Joke apart (in fact, this was not totally a joke), Adsense put a lot of efforts not to make things clear, like that, if they get problems, they can blame "us" the publishers.

Now, form what I "understand/interpret" is that :

- You can (will be able to) disable interested based ads for EU visitors from the Adsense 's dashboard. In that case, you "should" still display a banner, "informing" EU visitors that "non-tracking" cookies are used, with a link to your privacy policy, where you have to explains all what is being done by whom. You "should" also let EU visitors opt out from third part cookies, even if they are not tracking. And if they decide to opt out, then you should stop showing them Adsense ads. This might not be 100% compliant, but I think this is a good compromise, and show your good will and that you are making efforts to do things right.

- If you decide to continue showing interested based ads to your EU visitors, then you have to obtain the "explicit" consent from each visitors to do so. Meaning that , you need to show a message on the screen, and wait for the answer of the visitor before injecting/running the Adsense code on your page. AND, you have to let visitors change their choice at anytime. (And you still need a privacy policy, with all the details of what is done by whom, why and how).
10:23 am on May 7, 2018 (gmt 0)

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That there were some wild predictions on y2k doesn't mean that there weren't real problems that needed fixing - and were fixed. Vaccinations have the same problem, "Oh look we spent all that money vaccinating everyone, and the epidemic didn't happen!" - it can be hard to assess whether action was needed after the event, when taking that action has an impact.

Trump himself claimed the stock market was a bubble before his election. I don't recall that being the main thing people were worried about anyway, but I think it's better to keep politics out of this thread please.

I agree there's no point scaremongering, or worrying too much, though at the same point that doesn't mean that people should be doing nothing at all on the things that we do know. I agree we'll get a much better idea of what big sites are doing after May 25.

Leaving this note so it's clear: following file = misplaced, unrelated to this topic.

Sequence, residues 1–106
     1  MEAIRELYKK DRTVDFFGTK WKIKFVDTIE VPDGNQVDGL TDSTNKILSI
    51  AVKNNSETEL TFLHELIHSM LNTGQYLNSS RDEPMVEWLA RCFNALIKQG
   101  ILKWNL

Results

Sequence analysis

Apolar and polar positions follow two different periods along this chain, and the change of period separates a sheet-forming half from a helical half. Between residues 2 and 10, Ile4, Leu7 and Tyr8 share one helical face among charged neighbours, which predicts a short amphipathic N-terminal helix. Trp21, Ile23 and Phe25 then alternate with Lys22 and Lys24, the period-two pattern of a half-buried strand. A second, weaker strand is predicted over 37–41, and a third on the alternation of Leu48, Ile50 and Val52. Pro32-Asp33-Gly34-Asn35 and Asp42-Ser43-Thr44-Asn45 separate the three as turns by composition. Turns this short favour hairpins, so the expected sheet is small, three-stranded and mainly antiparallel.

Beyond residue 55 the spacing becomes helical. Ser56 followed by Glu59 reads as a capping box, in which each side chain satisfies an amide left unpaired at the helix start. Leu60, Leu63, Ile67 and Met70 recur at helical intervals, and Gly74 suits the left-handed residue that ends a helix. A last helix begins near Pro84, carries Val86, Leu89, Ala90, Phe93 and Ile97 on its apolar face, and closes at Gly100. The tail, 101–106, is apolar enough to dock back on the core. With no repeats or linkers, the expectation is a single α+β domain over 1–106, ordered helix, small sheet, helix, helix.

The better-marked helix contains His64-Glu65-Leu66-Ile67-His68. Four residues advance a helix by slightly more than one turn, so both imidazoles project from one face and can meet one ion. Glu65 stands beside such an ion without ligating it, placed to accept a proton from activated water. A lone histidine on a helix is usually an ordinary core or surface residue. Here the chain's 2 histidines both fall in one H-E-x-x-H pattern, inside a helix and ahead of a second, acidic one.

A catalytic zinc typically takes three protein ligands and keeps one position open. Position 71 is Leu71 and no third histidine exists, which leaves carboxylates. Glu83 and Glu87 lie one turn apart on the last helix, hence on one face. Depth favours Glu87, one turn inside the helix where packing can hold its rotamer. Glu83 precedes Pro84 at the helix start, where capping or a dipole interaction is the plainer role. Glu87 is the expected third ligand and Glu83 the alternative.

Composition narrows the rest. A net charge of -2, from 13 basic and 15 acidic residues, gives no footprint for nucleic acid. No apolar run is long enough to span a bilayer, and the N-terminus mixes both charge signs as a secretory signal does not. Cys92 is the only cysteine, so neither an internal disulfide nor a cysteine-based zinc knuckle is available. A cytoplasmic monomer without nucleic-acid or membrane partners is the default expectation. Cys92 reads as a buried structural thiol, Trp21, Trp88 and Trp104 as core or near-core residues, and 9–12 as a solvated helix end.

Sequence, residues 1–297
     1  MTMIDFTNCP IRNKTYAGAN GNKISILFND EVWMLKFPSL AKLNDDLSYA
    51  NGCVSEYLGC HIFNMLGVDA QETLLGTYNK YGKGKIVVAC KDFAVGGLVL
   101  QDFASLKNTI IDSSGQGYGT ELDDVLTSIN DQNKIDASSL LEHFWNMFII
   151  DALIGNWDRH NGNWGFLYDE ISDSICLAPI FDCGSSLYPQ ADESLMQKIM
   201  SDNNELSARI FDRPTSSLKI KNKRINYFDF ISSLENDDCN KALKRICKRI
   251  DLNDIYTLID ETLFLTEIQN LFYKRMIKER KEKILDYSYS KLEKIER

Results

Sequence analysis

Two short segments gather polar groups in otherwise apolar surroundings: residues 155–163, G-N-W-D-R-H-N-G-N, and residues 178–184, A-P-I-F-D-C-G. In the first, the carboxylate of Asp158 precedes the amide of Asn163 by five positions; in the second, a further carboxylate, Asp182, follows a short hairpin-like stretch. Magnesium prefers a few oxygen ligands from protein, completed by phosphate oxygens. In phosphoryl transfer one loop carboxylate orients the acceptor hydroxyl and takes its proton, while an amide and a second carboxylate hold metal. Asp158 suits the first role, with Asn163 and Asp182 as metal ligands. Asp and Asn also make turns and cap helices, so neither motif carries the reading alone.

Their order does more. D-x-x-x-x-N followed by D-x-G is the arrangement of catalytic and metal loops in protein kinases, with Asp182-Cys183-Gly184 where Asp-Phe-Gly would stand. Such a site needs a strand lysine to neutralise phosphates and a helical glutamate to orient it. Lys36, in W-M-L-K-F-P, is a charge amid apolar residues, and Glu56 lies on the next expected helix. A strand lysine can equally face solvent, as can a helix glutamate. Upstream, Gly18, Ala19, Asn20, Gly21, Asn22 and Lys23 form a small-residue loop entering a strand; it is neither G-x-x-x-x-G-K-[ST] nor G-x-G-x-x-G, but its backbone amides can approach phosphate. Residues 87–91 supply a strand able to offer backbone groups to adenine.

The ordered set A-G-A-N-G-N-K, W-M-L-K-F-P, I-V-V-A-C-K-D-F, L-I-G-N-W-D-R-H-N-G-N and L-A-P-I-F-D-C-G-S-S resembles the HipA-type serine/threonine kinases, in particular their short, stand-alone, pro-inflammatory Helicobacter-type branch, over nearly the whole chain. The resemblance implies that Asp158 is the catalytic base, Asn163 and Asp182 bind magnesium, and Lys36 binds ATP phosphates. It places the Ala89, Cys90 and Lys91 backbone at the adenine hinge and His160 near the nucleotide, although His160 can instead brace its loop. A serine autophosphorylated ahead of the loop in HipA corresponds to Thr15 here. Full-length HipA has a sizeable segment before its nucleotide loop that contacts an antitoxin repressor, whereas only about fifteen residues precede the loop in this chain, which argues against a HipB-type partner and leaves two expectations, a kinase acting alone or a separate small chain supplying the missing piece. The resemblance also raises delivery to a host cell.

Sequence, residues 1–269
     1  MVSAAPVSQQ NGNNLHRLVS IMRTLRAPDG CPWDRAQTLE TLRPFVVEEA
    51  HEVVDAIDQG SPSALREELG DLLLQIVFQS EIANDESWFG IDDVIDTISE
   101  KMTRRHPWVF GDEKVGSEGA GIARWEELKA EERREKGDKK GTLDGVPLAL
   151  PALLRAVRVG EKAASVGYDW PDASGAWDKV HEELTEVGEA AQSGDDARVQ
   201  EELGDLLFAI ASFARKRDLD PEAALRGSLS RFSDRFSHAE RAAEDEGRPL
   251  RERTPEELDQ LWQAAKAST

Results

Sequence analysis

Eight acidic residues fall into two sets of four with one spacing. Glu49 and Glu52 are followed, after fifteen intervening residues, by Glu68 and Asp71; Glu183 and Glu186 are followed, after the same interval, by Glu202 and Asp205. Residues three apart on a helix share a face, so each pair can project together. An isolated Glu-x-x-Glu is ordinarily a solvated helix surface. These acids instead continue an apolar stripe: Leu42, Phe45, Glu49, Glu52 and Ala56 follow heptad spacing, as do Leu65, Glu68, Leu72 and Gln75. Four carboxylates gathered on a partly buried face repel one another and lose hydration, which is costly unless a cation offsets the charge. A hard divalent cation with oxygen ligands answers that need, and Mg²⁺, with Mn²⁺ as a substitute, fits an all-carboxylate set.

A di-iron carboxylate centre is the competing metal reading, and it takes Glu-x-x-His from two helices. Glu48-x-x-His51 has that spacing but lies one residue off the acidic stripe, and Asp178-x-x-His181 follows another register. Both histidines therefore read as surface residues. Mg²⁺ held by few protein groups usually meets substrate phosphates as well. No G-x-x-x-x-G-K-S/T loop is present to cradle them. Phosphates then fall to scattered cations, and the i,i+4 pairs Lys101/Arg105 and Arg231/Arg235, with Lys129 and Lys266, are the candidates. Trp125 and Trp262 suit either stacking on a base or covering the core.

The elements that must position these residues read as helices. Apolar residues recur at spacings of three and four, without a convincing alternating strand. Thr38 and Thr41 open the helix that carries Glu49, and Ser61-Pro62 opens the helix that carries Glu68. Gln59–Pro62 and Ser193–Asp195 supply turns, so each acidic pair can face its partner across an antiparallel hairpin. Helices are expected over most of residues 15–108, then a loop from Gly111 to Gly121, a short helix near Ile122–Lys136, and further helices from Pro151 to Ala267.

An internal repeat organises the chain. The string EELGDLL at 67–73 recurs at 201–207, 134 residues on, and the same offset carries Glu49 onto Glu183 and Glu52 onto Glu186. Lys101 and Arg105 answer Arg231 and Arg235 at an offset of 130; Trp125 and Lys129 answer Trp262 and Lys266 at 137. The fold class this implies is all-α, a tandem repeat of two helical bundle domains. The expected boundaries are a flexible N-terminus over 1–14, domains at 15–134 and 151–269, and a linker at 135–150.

surfgatinho: to add to Travis's answer, a helpful site for code to generate banners for cookie info is at [cookieconsent.insites.com...] . (This is for the already existing cookie law, not the new GDPR; for the GDPR, disabling personalised ads for EU seems the easiest step imo.)

In terms of what Google require, the page [support.google.com...] seems to stress optional tools that Google provides. Meanwhile the new policy at [google.com...] seems somewhat stricter, lumping the cookie law in with the new rules, and implying that consent for all cookies is something we need records for, and something that users can revoke. But that then links to [google.com...] which seems more relaxed, clarifying "The policy requires that end users are told how to revoke consent to ads personalization. At a minimum, end users need to have information sufficient to easily reach their ad controls for your site or app, or the general controls provided by Google or via their device." For the cookie law, it says "We understand that regulatory guidance on ePrivacy laws is not consistent across Europe, which is why our policy calls for consent to cookies or mobile identifiers “where legally required.”" In my opinion, it sounds like Google need a tos that complies with the law but where that doesn't necessarily mean they'll be the ones policing it - and it's therefore vague because they can't say how it's enforced (either for cookies, or the GDPR).
11:13 am on May 7, 2018 (gmt 0)

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Small update on this one.

It seems some websites are using pages like the below to allow users to opt-out from advertising or whatever:
[youronlinechoices.com...]
[networkadvertising.org...]

In the meantime, I strongly recommend using this website to generate a report of all the cookies of your website:
[cookiebot.com...]

It's free and of course I'm not affiliated with them in any way.